By Logan Wood
Canon introduced their line of APS-C mirrorless cameras with the R10 and R7. While both cameras share many similarities, they have their differences too. In this video, we walk through some of the biggest differences for underwater photographers and videographers. From button tactility to video resolution, find out exactly which system is best for you.
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Overall I would say that the R7 has a more "pro" body while the R10 feels more entry-level. This isn’t an indication of build quality as both cameras feel really solid in the hands.
One interesting physical difference between the two is the tactility of the buttons, how they feel to use. When pressing on the buttons of the R10 you’re going to feel a solid resistance, you’ll know when you’ve made contact. However, the R7 doesn’t have this resistance, the buttons seem to follow through to the end. This actually makes the most difference on your shutter button. Without the resistance of firmly pressing on the shutter, you reduce camera shake at the point of taking a picture. It’s a small difference but a very thoughtful feature.
The R7 also has a switch to toggle between photo and video so if you’re a hybrid shooter you’ll be able to save separate settings between the two modes.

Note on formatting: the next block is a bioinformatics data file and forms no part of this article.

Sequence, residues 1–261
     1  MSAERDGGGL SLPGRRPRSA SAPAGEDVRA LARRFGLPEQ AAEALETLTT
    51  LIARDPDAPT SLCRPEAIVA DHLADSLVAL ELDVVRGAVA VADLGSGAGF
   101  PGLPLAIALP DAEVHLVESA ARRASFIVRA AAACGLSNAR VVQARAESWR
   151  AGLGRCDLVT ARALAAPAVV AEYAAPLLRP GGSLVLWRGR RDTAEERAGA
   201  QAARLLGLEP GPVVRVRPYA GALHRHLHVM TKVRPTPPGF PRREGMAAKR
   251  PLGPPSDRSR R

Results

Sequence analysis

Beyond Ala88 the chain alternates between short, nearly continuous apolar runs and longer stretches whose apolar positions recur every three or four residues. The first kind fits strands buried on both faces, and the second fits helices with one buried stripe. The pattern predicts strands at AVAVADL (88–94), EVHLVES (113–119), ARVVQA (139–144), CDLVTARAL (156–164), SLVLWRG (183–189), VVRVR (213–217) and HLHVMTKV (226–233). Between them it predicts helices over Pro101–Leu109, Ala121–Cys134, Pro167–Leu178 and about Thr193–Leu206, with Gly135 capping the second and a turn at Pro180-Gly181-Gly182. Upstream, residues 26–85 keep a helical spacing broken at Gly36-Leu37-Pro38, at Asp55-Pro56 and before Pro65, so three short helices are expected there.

Another notable difference is the resolution of the back touchscreen. The R10’s screen is 1.04-million dot while the R7’s screen is 1.6-million-dot resolution. That doesn’t seem like much but on the R10 I found that my photos seemed blurry when reviewing them on the camera. This does not effect the final image, but if you like to review your images underwater while diving to check focus, this might be something to think about.
The Canon R10 has a 24 megapixel APS-C sensor and the R7 has a 33 megapixel APS-C sensor. While it's nice to have more megapixels you’re not going to see a huge difference in picture quality due to megapixels. Often times, most of your quality is coming from your lighting and lens choice. However, you’ll find a bit more flexibility in post when cropping if you’re using the R7. Both sensors are more than capable of producing quality results for sharing your work online, as well as creating clear prints.
Another point to mention is that low-light performance goes down when megapixels go up. You’re going to see more noise at high ISOs on the R7, but it’s not too noticeable between 24 and 33 megapixels. Usually it becomes a bigger deal with very high megapixel cameras.